Cryoglobulinemia is the presence of abnormal proteins in the blood. These abnormal proteins become thick or gel-like in cold temperatures.
Causes, incidence, and risk factors
Cryoglobulins are antibodies. It is not yet known why they become solid at low temperatures. When they do thicken or become somewhat gel-like, they can block blood vessels throughout the body. This may lead to complications ranging from skin rashes to kidney failure.
Cryoglobulinemia is part of a group of diseases that cause vasculitis -- damage and inflammation of the blood vessels throughout the body. The disorder is grouped into three main types, depending on the type of antibody that is produced:
Cryoglobulinemia type I
Cryoglobulinemia type III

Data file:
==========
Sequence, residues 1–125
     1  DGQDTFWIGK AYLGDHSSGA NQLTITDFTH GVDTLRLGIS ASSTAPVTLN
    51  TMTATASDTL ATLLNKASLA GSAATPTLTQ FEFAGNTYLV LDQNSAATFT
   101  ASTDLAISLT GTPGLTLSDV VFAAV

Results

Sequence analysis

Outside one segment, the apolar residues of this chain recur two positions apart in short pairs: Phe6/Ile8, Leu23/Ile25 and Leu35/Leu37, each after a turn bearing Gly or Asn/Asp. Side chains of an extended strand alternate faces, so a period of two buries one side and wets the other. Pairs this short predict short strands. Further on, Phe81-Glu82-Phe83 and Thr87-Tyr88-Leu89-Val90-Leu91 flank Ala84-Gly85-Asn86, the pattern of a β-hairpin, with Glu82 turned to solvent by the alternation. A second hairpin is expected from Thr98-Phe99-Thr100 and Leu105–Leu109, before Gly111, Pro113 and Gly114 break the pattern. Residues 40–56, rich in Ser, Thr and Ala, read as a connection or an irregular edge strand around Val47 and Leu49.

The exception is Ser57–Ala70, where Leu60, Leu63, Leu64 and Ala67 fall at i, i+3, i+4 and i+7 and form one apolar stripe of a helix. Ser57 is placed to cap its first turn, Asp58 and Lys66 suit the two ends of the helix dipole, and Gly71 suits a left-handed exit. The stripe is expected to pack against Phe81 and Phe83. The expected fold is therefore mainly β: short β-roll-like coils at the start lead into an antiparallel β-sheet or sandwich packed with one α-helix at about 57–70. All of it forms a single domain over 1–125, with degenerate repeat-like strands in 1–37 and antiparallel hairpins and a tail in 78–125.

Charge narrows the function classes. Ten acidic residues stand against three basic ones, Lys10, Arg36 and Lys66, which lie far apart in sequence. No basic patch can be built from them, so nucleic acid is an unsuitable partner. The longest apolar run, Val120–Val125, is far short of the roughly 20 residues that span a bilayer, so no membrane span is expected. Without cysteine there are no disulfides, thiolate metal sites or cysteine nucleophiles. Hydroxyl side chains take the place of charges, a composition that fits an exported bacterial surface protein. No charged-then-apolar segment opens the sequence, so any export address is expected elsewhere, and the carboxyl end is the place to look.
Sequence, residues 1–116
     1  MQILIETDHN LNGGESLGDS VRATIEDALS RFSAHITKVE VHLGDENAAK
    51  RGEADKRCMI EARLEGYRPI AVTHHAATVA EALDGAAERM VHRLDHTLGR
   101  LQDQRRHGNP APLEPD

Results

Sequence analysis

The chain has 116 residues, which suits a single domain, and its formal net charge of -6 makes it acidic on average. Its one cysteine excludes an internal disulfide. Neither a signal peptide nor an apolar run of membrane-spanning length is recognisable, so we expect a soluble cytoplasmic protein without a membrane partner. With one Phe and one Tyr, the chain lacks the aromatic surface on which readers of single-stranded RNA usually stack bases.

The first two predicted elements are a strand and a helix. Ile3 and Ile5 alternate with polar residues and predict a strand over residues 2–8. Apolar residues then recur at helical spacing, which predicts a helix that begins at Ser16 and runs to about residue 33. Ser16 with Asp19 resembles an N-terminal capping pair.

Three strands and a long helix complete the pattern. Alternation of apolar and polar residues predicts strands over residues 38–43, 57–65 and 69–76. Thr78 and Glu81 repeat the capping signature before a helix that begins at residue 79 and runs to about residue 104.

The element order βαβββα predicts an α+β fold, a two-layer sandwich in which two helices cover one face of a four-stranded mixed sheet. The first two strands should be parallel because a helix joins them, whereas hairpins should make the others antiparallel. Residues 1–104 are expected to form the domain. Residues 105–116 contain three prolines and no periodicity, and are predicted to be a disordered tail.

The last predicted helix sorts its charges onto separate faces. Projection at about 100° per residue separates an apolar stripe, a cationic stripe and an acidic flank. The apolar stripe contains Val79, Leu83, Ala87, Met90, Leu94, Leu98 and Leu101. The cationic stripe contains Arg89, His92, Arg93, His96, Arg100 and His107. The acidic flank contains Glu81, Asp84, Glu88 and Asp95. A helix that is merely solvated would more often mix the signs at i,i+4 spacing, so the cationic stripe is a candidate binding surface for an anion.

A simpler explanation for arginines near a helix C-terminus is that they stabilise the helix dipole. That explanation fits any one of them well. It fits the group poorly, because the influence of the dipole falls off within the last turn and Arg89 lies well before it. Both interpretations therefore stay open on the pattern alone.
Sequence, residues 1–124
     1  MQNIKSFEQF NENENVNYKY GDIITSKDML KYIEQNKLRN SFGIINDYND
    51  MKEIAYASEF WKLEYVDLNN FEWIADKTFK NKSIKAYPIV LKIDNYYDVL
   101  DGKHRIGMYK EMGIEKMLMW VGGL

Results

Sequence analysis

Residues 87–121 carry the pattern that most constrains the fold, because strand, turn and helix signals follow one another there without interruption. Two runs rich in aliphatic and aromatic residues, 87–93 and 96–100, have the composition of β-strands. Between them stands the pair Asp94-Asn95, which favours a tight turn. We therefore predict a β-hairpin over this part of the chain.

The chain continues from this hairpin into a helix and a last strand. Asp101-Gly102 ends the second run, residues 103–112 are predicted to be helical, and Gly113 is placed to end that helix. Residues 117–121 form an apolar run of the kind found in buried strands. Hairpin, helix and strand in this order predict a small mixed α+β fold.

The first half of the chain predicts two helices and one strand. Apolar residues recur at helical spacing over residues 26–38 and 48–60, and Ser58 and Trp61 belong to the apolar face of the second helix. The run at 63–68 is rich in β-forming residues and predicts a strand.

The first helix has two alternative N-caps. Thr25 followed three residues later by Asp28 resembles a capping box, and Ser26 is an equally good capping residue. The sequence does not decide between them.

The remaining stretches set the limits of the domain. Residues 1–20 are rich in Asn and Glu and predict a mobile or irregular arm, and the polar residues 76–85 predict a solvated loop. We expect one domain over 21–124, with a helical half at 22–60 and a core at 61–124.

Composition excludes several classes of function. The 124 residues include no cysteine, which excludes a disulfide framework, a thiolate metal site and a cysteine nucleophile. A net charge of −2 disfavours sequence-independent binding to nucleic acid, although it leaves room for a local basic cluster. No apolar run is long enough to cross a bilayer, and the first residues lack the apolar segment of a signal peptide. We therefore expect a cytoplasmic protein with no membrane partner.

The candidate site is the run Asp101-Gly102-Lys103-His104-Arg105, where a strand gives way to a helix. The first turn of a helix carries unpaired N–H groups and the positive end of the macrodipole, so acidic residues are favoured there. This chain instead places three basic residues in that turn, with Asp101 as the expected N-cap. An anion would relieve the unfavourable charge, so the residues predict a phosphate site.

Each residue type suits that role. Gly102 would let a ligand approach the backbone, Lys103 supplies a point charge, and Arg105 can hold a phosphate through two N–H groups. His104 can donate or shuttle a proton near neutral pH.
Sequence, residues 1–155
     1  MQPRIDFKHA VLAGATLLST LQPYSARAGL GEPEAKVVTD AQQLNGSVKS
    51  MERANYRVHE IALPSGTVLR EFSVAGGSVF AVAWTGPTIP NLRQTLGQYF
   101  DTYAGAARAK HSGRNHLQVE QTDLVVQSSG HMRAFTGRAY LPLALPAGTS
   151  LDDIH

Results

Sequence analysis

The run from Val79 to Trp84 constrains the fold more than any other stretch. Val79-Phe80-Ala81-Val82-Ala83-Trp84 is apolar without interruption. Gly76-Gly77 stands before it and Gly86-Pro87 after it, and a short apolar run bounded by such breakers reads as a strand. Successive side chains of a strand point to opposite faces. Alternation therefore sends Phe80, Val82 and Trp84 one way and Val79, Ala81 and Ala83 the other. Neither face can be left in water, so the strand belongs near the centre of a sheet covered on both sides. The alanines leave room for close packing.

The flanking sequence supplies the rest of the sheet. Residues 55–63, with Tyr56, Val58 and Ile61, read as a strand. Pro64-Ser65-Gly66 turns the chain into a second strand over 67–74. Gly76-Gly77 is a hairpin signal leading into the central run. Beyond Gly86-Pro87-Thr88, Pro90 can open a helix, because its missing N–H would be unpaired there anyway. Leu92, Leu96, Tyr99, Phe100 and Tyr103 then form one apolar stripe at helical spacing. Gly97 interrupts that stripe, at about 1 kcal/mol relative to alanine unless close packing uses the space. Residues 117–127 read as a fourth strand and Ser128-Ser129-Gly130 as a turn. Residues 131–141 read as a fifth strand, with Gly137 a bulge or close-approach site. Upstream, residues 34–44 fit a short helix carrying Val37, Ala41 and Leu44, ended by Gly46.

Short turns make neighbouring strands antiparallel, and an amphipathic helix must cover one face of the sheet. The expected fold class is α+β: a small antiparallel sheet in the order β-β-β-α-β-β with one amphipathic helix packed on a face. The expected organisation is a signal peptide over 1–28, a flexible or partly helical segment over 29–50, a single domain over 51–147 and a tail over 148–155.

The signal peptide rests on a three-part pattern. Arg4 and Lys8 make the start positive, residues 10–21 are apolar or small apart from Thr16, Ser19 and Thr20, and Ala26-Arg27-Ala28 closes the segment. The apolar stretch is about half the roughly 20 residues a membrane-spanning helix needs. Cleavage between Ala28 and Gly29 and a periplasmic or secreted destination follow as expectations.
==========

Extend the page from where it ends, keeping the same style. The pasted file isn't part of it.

Types II and III are also referred to as mixed cryoglobulinemia.
Type I cryoglobulinemia is most often related to cancer of the blood or immune systems.
Types II and III are most often found in people who have a chronic (long-lasting) inflammatory condition, such as an autoimmune disease or hepatitis C. Most patients with mixed cryoglobulinemia have a chronic hepatitis C infection.
Other conditions that may be related to cryoglobulinemia include:
Todd Gersten, M.D., Hematology/Oncology, Palm Beach Cancer Institute, West Palm Beach, FL. Review provided by VeriMed Healthcare Network. Also reviewed by David Zieve, MD, MHA, Medical Director, A.D.A.M., Inc.